8. 8. • The climax of the war comes at the famous Battle of Agincourt, at which the English are outnumbered by the French five to one. • The night before the battle, King Henry disguises himself as a common soldier and talks to many of the soldiers in his camp, learning who they are and what they think of the great battle in which they have been swept up. • When he is by himself, he laments his ever-present responsibilities as king. In the morning, he prays to God and gives a powerful, inspiring speech to his soldiers. • Miraculously, the English win the battle, and the proud French must surrender at last.
  9. 9. O for a Muse of fire, that would ascend The brightest heaven of invention! King Henry V. Prologue. Consideration, like an angel, came And whipped the offending Adam out of him. King Henry V. Act i. Sc. 1. I see you stand like greyhounds in the slips, Straining upon the start. King Henry V. Act iii. Sc. 1. Men of few words are the best men. King Henry V. Act iii. Sc. 2. There is some soul of goodness in things evil, Would men observingly distil it out. King Henry V. Act iv. Sc. 1. Every subject’s duty is the king’s; but every subject’s soul is his own. King Henry V. Act iv. Sc. 1. We few, we happy few, we band of brothers. King Henry V. Act iv. Sc. 3. There is occasions and causes why and wherefore in all things. King Henry V. Act v. Sc. 1. Once more unto the breach, dear friends, once more, Or close the wall up with our English dead! In peace there ’s nothing so becomes a man As modest stillness and humility; But when the blast of war blows in our ears, Then imitate the action of the tiger: Stiffen the sinews, summon up the blood. King Henry V. Act iii. Sc. 1.
  10. 10. • The histories were those plays based on the lives of English kings. Therefore they can be more accurately called the "English history plays," a less common designation. English histories • King John • Edward III • Richard II • Henry IV, Part 1 • Henry IV, Part 2 • Henry V • Henry VI, Part 1 • Henry VI, Part 2 • Henry VI, Part 3 • Richard III • Henry VIII
  11. 11. • There have been two major film adaptations. The first, directed by and starring Laurence Olivier in 1944, is a colorful and highly stylized version which begins in the Globe Theatre and then gradually shifts to a realistic evocation of the Battle of Agincourt. Olivier's film was made during the Second World War and was intended as a patriotic rallying cry at the time of the invasion of Normandy. • The second major film, directed by and starring Kenneth Branagh in 1989, attempts to give a more realistic evocation of the period and lays more emphasis on the horrors of war. It features a mud-spattered and gruesome Battle of Agincourt. Where Olivier staged the comic scenes as comedy, Branagh played them as serious drama, because he felt the humor was outdated and incomprehensible to modern audiences.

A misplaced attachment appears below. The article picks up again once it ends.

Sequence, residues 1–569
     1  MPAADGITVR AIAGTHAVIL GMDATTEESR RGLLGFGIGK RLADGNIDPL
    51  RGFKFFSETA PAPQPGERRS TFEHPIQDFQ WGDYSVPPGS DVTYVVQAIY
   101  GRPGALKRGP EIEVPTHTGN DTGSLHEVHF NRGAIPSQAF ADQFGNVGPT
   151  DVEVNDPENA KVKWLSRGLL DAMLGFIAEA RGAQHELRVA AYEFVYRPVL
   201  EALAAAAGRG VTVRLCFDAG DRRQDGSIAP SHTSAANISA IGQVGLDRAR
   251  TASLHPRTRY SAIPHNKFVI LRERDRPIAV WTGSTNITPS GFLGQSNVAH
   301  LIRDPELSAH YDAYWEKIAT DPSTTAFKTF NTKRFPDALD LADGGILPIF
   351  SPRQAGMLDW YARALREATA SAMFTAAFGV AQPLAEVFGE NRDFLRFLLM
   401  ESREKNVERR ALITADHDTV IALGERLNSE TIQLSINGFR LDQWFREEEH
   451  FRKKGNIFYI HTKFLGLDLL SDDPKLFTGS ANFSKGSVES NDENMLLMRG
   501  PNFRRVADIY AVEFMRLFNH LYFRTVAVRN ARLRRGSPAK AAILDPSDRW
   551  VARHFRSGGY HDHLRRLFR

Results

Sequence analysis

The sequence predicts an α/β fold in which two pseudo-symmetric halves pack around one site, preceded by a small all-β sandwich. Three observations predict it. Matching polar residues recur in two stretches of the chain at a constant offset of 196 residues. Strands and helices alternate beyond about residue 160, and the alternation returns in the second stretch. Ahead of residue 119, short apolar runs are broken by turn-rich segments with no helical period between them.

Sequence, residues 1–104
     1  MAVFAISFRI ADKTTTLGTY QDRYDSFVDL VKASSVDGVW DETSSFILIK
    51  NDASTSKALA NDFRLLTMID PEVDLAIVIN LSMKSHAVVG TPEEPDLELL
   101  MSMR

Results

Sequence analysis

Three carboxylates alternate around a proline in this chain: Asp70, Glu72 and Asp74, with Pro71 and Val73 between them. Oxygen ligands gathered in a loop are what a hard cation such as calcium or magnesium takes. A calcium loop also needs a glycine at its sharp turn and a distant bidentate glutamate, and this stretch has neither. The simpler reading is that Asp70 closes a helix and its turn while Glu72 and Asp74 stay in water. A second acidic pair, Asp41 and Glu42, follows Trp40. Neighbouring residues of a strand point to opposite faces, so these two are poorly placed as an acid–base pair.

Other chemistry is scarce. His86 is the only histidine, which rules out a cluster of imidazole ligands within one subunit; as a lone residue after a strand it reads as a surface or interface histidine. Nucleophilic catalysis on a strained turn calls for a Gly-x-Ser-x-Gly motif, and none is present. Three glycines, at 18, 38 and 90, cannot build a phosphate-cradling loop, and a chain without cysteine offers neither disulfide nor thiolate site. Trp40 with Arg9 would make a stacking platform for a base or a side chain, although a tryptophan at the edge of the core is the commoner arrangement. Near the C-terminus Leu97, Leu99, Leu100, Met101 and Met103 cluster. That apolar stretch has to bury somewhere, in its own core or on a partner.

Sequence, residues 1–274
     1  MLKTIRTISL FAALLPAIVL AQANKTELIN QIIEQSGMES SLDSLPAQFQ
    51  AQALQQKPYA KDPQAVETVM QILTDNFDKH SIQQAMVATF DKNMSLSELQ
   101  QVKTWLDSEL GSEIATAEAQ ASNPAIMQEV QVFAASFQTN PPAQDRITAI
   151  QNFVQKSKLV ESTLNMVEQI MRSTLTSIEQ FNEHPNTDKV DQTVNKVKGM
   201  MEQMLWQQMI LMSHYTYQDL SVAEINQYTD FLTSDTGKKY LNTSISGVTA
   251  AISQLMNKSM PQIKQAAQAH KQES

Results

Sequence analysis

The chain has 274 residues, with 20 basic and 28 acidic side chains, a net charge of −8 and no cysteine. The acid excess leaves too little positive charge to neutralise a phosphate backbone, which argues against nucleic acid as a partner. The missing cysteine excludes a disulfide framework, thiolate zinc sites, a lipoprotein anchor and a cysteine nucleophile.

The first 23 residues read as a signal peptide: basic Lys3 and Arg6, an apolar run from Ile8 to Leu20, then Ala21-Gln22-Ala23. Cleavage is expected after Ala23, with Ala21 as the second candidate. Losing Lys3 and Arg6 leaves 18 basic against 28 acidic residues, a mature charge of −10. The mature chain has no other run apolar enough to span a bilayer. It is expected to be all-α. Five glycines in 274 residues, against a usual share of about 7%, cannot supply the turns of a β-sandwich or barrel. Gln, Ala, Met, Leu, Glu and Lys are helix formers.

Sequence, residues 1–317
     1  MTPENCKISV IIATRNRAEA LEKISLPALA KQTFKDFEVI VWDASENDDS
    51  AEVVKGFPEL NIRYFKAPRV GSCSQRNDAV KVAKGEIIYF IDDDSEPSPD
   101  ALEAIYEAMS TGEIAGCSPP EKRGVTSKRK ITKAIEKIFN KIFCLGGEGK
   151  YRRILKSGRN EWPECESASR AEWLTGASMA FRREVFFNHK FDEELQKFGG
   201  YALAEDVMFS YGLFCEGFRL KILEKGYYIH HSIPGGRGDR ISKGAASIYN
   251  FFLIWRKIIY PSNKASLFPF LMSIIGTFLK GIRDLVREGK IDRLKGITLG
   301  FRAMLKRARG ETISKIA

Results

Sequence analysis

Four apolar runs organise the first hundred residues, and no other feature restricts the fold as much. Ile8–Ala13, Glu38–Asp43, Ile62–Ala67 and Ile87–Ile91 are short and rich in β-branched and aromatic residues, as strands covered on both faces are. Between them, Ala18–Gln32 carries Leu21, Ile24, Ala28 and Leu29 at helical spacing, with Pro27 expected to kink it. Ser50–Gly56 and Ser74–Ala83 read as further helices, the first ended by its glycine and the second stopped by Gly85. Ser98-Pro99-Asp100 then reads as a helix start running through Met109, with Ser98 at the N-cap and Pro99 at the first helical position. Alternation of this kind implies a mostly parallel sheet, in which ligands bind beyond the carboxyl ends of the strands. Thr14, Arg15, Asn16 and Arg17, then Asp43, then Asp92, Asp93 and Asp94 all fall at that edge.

12. 12. • There have also been three major television adaptions, all made by the BBC in England: • The first was part of an abridged Henriad entitled An Age Of Kings in 1960. [VIDEO] • The second was a 1979 BBC Production as part of the Complete Works of William Shakespeare series. [VIDEO] • The most recent was a new four- film Henriad produced in 2012 entitled The Hollow Crown. [VIDEO]
  13. 13. • Despite being a play about a war that occurred eight hundred years ago, Shakespeare wasn’t trying to teach a history lesson. • Instead, he entertained his audiences with portraits of vibrant characters and heroic deeds from their past. • Giving them human qualities such as courage, honor, loyalty, and brotherhood makes Henry V still powerfully resonate with audiences today.
  14. 14. A Nutsy the Squirrel Production Copyright 2013 Oak Hills Media Center All Rights Reserved.